The relation between the amount of heat \(\Delta Q\) that flows in or out of aluminum, and the change \(\Delta T\) of its temperature is caused by the process is:

\[ \Delta Q=C_{\mathrm{Al}} \Delta T \text { or } \Delta T=\frac{\Delta Q}{C_{\mathrm{Al}}} \]

where \(C_{\mathrm{Al}}\) is a "material constant" called heat capacity. For Aluminum, its value is \(900 \mathrm{~J} / \mathrm{kg} \mathrm{K}\).

If we now bring the two blocks together to establish thermal contact between them, heat will start flowing from Block 1 into Block 2 . The process will last until the temperature of both gets equal. Call this temperature \(T_{12}\). An obvious guess is that it is equal to the arithmetic average of \(T_{1}\) and \(T_{2}\), i.e.,

\[ T_{12}=\frac{T_{1}+T_{2}}{2} \]

To check whether it's a right guess, lets calculate the heat transferred out of Block 1 and heat transferred into Block2. The energy conservation law states that they must be equal! OK, let's then see. First, we find the change of the temperature of Block 1. An algorithm for a temperature change \(\Delta T\) is always: the final temperature minus the initial one. So, we get:

\[ \Delta T_{1}=T_{12}-T_{1}=\frac{T_{1}+T_{2}}{2}-T_{1}=-\frac{T_{1}-T_{2}}{2} \]

So that the heat transfer out of Block 1 is, according to the Eq. \(3.8\) : \(\Delta Q_{\text {out of Block } 1}=-C_{\mathrm{Al}} \frac{T_{1}-T_{2}}{2}\)

In a similar fashion, we get:

\[ \Delta T_{2}=T_{12}-T_{2}=\frac{T_{1}+T_{2}}{2}-T_{2}=\frac{T_{1}-T_{2}}{2} \]

and \(\Delta Q_{\text {into Block } 2}=C_{\mathrm{Al}} \frac{T_{1}-T_{2}}{2}\)

So, everything is correct - the same amount flows out of Block 1 (therefore the minus sign) as it flows in Block \(2 .\)

However, let's now see what happens with the entropy. Let's focus on the very beginning of the process, when only a tiny amount of heat \(d Q\) managed to get out of Block 1, and into Block 2. So, the change of entropy of Block 1 is \(d S_{1}=-d Q / T_{1}\) (minus, because dQ flows out of Block 1), and of Block 2 is \(d S_{2}=d Q / T_{2}\). The total change of entropy of the system of two block is the sum of the two:

\[ d S_{\text {tot }}=d S_{1}+d S_{2}=-\frac{d Q}{T_{1}}+\frac{d Q}{T_{2}}=d Q\left[-\frac{1}{T_{1}}+\frac{1}{T_{2}}\right]=d Q\left[\frac{T_{1}-T_{2}}{T_{1} T_{2}}\right] \]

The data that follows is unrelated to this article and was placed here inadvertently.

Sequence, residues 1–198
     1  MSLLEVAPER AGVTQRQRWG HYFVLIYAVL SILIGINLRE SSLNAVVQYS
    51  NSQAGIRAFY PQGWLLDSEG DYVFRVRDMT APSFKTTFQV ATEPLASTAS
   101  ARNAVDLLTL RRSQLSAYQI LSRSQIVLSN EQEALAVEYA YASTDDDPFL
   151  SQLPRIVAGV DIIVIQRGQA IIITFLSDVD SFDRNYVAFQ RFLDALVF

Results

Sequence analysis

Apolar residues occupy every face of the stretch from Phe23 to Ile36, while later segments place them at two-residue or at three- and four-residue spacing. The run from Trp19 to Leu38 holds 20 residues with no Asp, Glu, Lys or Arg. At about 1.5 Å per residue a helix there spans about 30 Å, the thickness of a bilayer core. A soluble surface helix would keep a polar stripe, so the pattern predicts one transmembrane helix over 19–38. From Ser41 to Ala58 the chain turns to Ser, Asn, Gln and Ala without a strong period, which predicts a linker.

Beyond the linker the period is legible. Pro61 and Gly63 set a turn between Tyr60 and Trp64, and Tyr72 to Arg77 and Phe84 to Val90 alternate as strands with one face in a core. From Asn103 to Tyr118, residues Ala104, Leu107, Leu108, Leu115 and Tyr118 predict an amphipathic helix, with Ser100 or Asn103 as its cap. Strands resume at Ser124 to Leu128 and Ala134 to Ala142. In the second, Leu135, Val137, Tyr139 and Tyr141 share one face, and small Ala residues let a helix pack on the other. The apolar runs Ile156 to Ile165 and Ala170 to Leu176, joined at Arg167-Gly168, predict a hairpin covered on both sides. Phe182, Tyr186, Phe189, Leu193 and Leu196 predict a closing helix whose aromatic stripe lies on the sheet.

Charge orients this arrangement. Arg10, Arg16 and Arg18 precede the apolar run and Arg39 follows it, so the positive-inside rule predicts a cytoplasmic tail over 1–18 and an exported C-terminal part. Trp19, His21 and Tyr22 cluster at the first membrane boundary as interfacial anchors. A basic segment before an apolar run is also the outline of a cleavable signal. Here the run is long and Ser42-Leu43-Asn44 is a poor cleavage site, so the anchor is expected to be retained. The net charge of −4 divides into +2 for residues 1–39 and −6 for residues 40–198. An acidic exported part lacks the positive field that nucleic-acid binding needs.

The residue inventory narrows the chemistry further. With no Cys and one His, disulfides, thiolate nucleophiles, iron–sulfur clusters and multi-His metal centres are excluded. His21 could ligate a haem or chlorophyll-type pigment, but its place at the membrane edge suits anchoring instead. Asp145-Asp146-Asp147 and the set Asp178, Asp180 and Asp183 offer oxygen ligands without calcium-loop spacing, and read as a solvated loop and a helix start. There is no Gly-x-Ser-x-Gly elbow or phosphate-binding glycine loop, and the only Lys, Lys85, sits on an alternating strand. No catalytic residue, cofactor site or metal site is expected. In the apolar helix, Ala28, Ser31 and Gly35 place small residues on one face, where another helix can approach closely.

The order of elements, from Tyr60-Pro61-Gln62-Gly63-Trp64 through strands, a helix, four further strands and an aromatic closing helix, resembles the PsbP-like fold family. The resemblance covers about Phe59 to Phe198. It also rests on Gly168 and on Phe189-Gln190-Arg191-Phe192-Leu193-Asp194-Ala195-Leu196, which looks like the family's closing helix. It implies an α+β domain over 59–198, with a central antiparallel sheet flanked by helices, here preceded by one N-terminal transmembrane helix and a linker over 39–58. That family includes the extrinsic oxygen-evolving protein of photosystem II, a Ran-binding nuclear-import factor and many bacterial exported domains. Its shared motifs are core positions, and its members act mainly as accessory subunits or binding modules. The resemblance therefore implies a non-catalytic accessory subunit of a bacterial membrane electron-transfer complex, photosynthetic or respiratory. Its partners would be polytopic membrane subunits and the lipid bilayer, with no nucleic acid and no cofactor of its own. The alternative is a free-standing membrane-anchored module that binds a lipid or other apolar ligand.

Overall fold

Note that the last right-hand expression in square brackets is a non-zero positive number. What does it mean? It means that the entropy of thetwoblock system increases in the course of the heat transfer process. But not only during the initial short period - the same math remains valid for any moment until the heat stops flowing. So, the conclusion is that this process of heat exchange between the blocks increases the entropy of the two-block system.

The exchange of heat between two bodies is always an irreversible process: the heat flows spontaneously from the warmer to the cooler body, but the opposite may never happen. There are many other types of irreversible thermodynamic processes, and all have one in common: if such processes occur in thermally isolated system (often called adiabatic by professionals), the entropy of the system always increases. Entropy may stay constant only if all processes in an adiabatic system are fully reversible. And the entropy in an adiabatic system can never ever decrease!

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1Why such an “exotic” number? Well, once it has been decided that a mole of hydrogen, the simplest of all elements, would be the number of hydrogen atoms in a mass unit, a *gram *(g). And there are \( 6.022 \times 10_{23} \)** **atoms in a gram of hydrogen – it’s called the *Avogadro Number*. Then it has been decided that a mole of any other pure substance is the Avogadro Number of molecules of this substance.